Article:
Modern, responsive performance management demystifies the process from top to bottom, creating better support for those in charge of assessment and greater authenticity for those being assessed. Each stakeholder has an appropriate voice in the process, the ability to provide documentation to back up their claims, and the goal-setting framework necessary to ensure everybody grows professionally together.

When you bring your performance management strategy into the era of technology, it breaks down the traditional boundaries between “boss” and “employee” to foster a more productive overall culture and push everyone toward excellence.

Three Things You Can Do to Modernize Your Performance Management Approach

Stop Viewing Performance Management as an Annual Appraisal

A year is an incredibly long term. If you managed a sports team, would you give every player a year of starting time before you assessed their performance? The answer is, probably not.

Great players get the most playing time and the most compensation, and the worst achievers are obviously sent packing, but it’s that 80% in the middle who the true coach can influence and push toward improvement. Good coaches make constant, ongoing assessments, make constant, ongoing feedback, and incentive the day-to-day work on a constant, ongoing basis.

Turning your management/supervisory team into “coaches” doesn’t happen overnight, but it does have the potential to completely transform what work and culture feel like in your business. The first step to unlocking that potential is eliminating your yearly (or even quarterly) performance management model and shifting toward an ongoing assessment structure.

As we’ve said, the increased availability of worker data thanks to technology makes this work much easier. Managers can use ERP interfaces, project management systems, and so on to monitor what employees are doing, how they are working toward goals and deadlines, and so on, each day or week. It’s easier than ever to see when someone is falling behind and make a correction or recognize an employee who is taking things to the next level at your organization.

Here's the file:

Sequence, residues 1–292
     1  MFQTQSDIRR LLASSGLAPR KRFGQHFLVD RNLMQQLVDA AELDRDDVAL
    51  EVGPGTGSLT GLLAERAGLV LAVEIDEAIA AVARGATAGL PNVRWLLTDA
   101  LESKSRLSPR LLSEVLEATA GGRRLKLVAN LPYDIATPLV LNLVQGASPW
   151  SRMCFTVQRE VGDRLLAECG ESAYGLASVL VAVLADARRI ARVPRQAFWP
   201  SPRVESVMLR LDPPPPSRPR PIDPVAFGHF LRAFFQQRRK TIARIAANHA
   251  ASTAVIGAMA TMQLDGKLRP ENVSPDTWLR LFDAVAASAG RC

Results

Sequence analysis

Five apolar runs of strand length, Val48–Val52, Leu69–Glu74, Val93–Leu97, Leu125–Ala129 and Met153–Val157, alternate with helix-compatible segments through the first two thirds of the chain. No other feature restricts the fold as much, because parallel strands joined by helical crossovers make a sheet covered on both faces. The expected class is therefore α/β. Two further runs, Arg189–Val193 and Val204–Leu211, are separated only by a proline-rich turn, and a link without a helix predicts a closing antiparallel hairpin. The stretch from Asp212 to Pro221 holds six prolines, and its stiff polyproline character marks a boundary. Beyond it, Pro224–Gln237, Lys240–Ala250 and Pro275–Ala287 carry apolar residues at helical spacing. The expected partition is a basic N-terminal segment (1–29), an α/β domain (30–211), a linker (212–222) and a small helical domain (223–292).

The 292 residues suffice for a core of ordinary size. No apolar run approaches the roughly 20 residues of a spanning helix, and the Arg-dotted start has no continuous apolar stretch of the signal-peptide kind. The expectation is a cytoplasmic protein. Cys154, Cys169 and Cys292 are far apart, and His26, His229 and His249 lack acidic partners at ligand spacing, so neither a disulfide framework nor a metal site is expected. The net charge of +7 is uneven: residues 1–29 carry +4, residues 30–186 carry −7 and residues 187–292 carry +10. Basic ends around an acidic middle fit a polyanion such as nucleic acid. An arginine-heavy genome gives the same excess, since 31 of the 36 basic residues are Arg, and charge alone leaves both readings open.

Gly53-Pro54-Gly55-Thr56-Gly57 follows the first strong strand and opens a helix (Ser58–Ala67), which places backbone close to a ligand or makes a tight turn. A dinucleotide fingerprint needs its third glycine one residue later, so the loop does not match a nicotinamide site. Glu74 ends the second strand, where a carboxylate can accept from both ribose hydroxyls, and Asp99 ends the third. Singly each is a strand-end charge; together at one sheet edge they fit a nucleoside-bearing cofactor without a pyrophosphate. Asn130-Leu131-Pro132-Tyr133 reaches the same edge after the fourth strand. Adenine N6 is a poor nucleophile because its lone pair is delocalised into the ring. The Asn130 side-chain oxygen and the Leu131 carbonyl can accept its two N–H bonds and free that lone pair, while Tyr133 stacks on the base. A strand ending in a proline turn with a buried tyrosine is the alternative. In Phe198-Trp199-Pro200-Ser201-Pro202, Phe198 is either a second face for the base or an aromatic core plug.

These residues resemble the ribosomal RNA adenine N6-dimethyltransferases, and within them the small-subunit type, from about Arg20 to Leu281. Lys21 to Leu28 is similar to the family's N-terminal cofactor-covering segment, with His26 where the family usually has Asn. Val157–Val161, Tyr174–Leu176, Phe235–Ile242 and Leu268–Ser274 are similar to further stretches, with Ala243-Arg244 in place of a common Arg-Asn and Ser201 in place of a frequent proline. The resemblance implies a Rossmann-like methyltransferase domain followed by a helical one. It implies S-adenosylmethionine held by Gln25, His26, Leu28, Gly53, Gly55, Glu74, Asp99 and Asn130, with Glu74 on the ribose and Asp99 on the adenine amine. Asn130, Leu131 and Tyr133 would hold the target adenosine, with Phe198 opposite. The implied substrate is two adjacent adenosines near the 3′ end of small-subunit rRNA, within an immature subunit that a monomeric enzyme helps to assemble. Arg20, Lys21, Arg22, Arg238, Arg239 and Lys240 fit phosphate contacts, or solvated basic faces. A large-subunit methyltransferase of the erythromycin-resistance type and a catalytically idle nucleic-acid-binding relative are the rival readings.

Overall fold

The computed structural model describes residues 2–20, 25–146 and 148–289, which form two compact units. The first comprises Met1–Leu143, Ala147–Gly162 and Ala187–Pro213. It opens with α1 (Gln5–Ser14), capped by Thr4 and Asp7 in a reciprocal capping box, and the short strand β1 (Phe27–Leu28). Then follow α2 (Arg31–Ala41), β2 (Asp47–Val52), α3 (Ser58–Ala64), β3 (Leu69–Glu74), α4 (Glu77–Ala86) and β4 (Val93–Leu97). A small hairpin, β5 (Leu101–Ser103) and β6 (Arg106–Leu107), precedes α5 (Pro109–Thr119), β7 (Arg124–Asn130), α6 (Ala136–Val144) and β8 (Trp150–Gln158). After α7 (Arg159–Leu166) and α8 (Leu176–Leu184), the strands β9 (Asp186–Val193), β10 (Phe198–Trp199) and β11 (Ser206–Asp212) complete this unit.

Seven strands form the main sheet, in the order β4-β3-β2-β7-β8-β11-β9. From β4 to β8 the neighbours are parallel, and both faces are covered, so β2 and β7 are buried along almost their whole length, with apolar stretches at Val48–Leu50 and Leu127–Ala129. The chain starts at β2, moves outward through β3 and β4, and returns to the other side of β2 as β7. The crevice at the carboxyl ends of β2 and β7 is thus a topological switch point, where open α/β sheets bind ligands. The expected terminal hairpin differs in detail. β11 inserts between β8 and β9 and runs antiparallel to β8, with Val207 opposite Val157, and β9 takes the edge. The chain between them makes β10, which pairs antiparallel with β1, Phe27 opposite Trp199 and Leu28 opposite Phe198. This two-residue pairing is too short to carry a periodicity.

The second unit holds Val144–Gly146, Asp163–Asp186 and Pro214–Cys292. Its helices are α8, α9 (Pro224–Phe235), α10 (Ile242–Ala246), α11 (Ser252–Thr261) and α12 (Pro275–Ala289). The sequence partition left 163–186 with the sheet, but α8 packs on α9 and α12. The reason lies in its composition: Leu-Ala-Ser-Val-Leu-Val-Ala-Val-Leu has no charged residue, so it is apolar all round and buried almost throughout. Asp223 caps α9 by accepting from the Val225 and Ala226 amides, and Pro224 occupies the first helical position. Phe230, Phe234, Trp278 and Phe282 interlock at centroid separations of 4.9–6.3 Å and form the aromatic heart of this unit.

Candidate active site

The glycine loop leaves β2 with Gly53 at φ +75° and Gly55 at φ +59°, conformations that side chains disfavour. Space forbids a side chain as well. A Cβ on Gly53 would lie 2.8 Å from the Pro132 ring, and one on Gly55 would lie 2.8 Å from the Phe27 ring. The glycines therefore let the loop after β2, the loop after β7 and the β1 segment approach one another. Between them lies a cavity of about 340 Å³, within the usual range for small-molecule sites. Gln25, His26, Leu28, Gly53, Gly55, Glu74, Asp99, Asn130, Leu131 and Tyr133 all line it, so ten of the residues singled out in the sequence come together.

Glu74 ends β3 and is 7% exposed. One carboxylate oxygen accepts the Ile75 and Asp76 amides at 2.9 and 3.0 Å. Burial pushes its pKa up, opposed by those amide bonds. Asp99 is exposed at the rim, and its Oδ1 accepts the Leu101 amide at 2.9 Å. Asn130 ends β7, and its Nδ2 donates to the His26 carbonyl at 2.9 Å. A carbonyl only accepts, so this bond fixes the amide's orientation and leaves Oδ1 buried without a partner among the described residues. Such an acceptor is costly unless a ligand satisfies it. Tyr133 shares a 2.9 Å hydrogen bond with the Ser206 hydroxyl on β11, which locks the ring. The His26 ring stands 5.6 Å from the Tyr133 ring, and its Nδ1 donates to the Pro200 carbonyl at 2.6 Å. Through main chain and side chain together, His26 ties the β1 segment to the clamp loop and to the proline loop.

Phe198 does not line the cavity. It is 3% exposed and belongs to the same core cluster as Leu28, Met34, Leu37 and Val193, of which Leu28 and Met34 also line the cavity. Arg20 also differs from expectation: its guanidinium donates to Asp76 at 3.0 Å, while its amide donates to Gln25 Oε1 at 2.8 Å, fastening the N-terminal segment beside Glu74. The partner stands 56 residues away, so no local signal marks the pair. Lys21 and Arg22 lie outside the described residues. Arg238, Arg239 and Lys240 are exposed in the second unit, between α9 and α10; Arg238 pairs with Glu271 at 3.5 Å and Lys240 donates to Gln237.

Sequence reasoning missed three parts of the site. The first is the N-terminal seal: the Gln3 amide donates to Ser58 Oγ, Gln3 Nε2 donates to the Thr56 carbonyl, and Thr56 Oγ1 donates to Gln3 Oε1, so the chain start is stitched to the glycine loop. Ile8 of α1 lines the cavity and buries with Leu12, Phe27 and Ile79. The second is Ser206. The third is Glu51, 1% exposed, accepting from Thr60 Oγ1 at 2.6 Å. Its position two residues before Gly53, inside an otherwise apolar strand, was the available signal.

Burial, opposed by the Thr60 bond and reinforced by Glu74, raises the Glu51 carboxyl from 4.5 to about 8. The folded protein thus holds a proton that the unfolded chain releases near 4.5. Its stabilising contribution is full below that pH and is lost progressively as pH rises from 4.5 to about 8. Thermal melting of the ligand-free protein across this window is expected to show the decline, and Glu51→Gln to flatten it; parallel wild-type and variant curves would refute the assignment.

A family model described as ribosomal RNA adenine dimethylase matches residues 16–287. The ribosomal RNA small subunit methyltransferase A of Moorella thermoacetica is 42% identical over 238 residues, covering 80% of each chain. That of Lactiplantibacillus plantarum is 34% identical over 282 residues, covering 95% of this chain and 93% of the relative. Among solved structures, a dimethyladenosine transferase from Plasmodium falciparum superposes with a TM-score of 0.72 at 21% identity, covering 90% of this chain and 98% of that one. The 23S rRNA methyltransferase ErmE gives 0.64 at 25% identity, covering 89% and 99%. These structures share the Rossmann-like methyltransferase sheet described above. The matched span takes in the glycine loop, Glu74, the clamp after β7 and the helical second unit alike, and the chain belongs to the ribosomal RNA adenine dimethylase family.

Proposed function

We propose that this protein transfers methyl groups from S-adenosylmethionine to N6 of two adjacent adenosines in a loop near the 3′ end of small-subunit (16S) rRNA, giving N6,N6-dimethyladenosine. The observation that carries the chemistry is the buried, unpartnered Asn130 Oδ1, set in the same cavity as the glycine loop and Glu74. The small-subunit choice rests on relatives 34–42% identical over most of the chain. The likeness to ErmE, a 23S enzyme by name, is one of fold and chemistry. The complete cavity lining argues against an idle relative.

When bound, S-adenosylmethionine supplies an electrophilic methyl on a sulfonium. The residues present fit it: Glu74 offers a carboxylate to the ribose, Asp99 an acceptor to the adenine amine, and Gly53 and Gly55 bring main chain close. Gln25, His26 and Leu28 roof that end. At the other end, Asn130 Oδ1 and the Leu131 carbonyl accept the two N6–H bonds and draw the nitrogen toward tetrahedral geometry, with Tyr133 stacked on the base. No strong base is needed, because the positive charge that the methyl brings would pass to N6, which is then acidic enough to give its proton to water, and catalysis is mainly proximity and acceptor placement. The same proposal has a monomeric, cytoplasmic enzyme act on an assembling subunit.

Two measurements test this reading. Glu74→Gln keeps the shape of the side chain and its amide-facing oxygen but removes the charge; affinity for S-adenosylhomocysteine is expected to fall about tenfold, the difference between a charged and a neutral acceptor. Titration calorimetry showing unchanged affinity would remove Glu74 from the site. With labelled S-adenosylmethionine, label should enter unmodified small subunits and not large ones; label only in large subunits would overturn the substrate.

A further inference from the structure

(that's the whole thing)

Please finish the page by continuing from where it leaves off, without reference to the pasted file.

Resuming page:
While it seems like that kind of constant supervision creates new work for managers and new stress for workers, it actually streamlines and reduces both over time.

Adjusting to these new practices can take some time for supervisors at first, but once they’re plugged into performance management practices as part of their daily work, there’s no more quarterly or yearly assessment season crunch, and what was once a major stressor is now a harmless daily task. For workers, ongoing assessment means no more nervously waiting to find out how you’re doing, and each individual assessment or evaluation feels less stressful or punitive.

Build Clear Expectations and Establish Clear KPIs

We’ve addressed the concept of data several times already, but it cannot be stressed enough: The only way to turn performance management into a true performance driver is to stay rooted in data and objectivity.

One of the biggest issues managers have when it comes to assessment is that they might be responsible for assessing a team of 25+ people in a variety of different roles and simply don’t know where to start. Data-minded thinking absolutely obliterates that issue and provides strong anchor/talking points for any employee evaluation.

In order to make that work, though, your organization and HR departments must have a well-defined organizational chart with goals and measurable KPIs established for each professional, team, or department. Again, that sounds like a major task at first, but once it has been completed, there is a much more comprehensive vision for the organization and talent in place, and far greater clarity when it comes to who should be doing what.

When you have clear KPIs and measures of success for each position or role in the company, it’s easier to onboard new hires in a meaningful way, help laggards see where they need to improve, and identify superstar leaders of tomorrow. Employees can track their progress over time, and managers can mold each worker’s skillset or professional growth in relevant, individualized ways. That data-minded thinking makes everything less personal and less punitive, inviting each worker to create a vision of success for themselves in their particular role.